The usefulness of Bulstrode Whitelocke’s Memorials of the English Affairs: or, An Historical Account of what passed from the Beginning of the Reign of King Charles the First, to King Charles the Second His Happy Restauration (1682; enlarged edition, 1732) has been generally recognized, but there have been varying estimates over the years as to their accuracy. James Wellwood, writing a little more than a generation after Whitelocke’s death, declared that the Memorials “will be a lasting Monument of his Fidelity and exactness, and when he Relates any Matter or Transaction of his own Knowledge, He may be intirely depended upon1 It will be noticed that this assertion contains a limitation: an area is indicated in which he cannot be so fully depended upon as elsewhere. The editors of the Old Parliamentary History, while severely criticizing Rushworth, found Whitelocke “very exact” but Clarendon “much less so” They were aware, however, that Whitelocke, like Clarendon, made many chronological errors.2 Charles Morton, the eighteenth-century editor of two of Whitelocke’s works, spoke of the Memorials, “the candor, accuracy, and usefulness of which… are so universally allowed.” 3 But J. L. Sanford, who was one of the founders or revivers of accurate knowledge of the Civil War in the nineteenth century, spoke of the Memorials’ “thorough untrustworthiness.”4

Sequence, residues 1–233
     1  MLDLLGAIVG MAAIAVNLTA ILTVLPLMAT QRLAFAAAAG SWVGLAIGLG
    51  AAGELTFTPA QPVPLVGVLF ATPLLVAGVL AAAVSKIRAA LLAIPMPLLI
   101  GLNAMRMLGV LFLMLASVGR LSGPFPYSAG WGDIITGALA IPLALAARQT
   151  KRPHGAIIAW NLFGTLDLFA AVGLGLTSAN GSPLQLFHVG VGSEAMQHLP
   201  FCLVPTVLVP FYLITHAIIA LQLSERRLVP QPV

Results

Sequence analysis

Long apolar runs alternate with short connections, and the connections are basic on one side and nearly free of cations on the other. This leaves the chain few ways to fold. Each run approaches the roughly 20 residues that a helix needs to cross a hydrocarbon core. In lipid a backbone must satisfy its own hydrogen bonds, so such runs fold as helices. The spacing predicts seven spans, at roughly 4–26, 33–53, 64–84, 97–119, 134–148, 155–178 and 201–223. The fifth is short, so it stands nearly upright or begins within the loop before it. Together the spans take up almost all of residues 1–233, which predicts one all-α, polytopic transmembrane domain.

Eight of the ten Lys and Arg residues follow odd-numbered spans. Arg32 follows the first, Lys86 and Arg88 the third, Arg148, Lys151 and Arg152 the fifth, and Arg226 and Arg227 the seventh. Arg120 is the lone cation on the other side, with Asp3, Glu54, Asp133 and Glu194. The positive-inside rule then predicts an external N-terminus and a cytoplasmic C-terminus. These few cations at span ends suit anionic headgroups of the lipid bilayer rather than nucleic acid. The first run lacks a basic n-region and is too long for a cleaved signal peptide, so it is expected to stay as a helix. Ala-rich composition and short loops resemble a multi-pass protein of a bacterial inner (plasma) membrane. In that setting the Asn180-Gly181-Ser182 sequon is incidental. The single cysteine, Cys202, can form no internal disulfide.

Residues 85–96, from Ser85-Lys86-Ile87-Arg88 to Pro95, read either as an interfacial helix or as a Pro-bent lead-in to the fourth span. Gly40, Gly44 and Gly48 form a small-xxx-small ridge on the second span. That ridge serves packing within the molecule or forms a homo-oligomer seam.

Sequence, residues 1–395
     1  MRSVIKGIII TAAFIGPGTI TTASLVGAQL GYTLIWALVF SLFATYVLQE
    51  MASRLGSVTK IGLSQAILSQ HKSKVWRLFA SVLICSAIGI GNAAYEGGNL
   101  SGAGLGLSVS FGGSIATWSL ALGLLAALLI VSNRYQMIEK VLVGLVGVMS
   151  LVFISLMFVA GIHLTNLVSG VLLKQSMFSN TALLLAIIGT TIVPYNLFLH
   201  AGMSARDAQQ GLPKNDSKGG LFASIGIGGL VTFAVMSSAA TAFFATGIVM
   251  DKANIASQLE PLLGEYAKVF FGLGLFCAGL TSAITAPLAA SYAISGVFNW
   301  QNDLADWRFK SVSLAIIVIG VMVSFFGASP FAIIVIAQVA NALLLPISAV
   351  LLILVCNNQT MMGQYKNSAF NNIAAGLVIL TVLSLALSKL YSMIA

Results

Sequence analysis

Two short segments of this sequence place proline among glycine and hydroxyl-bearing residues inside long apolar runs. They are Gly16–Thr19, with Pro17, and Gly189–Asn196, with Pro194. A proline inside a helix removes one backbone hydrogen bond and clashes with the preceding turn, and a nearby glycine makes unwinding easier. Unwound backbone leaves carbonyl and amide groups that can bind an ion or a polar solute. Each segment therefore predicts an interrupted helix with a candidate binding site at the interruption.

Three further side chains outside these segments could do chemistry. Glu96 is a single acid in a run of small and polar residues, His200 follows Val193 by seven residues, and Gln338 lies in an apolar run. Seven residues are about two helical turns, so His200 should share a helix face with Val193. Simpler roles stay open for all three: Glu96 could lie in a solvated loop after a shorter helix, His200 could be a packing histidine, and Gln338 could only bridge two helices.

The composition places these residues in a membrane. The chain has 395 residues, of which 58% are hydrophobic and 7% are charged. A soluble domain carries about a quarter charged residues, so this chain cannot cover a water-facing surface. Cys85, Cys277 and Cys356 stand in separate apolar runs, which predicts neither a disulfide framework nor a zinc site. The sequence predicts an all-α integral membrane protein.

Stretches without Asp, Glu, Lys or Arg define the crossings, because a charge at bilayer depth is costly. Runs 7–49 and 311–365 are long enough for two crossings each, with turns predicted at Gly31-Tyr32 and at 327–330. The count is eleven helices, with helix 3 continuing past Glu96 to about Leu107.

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© Martinus Nijhoff, The Hague, Netherlands 1974

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  • Royce MacGillivray

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